Thailand's dream of becoming the new ICT hub in Southeast Asia within the next two years is "very ambitious" and could face "many obstacles", according to analysts familiar with the region.
The country's ICT goal was revealed in June when ZDNet Asia spoke with Kraisorn Pornsutee, Thailand's Permanent Secretary for the Ministry of Information and Communication Technology, and is likely to be reinforced at the annual Bangkok ICT Expo.
"It's not impossible… [but], unless they can rapidly ramp up their infrastructure, I think it's very difficult to achieve that goal."
-- Sandra Ng
IDC Asia-Pacific analyst
The five-day conference and exhibition, which opens today in the Thai capital city, is a key element to showcase Thailand's ICT capabilities to the region and beyond, Kraisorn said. According to a MICT press release last month, over 300 companies from more than 20 countries have committed to participating in this year's event. In addition, over 10,000 foreigners are expected to visit the exhibition.
Sandra Ng, vice president for communications, peripherals and services research at IDC Asia-Pacific, noted that there were challenges Thailand would have to face, particularly in terms of infrastructure and culture.
To begin with, Thailand needs to clearly define the concept of "hub", Ng said. Its plan to be an IT hub appears to be the country's move to reduce its dependence on tourism, and attract foreign investment and technology partners, she said.
While some technology companies have based their Asean headquarters in neighboring countries such as Malaysia, this was "not quite the case" in Thailand, she added. Ng attributed this to the country's telecoms infrastructure which is still "not as developed" as countries such as Singapore.
To become a hub, the government also needs to put in place proper telecoms legislation, the IDC analyst pointed out.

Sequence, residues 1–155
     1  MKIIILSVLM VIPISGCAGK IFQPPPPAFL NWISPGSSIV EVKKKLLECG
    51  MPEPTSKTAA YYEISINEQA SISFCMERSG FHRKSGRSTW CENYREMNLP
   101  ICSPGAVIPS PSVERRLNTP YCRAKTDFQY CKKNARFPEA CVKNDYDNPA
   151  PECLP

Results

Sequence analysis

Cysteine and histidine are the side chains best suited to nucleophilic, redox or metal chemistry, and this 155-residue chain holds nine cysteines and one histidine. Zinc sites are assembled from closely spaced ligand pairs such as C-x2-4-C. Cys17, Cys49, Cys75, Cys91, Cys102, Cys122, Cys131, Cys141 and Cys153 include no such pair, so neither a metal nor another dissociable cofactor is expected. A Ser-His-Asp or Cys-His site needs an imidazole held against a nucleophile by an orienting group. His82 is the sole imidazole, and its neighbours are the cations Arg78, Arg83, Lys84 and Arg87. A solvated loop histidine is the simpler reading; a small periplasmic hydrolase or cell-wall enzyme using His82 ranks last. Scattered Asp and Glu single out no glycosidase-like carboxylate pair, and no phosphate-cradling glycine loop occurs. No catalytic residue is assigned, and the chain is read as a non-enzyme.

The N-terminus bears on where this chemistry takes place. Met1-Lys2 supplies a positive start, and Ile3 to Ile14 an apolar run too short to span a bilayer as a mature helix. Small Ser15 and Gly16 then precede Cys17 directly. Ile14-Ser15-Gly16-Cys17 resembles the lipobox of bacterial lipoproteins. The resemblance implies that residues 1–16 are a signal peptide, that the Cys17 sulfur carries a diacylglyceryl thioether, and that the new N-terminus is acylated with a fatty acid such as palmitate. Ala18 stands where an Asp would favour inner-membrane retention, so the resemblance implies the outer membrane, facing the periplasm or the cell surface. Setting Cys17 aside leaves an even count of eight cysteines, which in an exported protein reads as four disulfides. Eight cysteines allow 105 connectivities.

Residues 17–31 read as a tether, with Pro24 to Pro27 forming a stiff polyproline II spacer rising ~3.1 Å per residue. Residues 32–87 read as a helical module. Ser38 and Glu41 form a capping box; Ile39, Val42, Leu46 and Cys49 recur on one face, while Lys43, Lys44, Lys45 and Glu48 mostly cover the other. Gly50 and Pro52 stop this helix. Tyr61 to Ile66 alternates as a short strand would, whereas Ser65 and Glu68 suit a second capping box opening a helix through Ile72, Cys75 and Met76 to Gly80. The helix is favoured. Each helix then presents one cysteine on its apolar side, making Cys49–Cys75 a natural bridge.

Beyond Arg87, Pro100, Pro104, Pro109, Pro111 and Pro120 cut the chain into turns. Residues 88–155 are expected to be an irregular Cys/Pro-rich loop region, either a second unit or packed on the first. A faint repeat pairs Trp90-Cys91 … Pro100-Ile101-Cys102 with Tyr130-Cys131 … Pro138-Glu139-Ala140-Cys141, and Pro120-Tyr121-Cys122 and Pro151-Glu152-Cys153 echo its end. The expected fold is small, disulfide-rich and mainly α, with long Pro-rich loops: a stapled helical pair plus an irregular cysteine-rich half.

In addition, mindsets need to be changed, she said. Government-related processes and decision-making cycles of Thai government-linked companies tend to be rather long, she noted, a scenario that needs to be improved to speed up the investments Thailand needs to achieve its target.
"It's just very ambitious for [Thailand to put down] a 2008 timeline," said Ng. "It's not impossible… unless they [can] rapidly ramp up their infrastructure, I think it's very difficult to achieve that goal."
Chris Perrine, vice president of Springboard Research, said that Thailand also has to contend with other economies in the region that have been ramping up their ICT capabilities.
"Many countries in Asean already have expanded rapidly in [their] ICT [plans], and have [such] a large lead on Thailand that will [make it] tough for the country to overcome in the short term, and from a broad perspective," he explained.
"Thailand also has to grapple with the fact that English is not its native or commonly spoken language, which is an advantage that countries like Singapore, the Philippines, and Malaysia have," Perrine noted.
He added that infrastructure and IT skills--two critical components in a successful ICT hub--are issues that Thailand has to think about. The country not only needs to raise the national level, it also needs to beef up resources in these two areas, particularly outside the city of Bangkok.
Paving the way forward
Undeterred, the Thai administration has initiated several key IT projects which include e-passports and chip-based identity cards. It is also in the process of implementing a
central nervous system to connect the country's various government departments and agencies, and facilitate e-government services.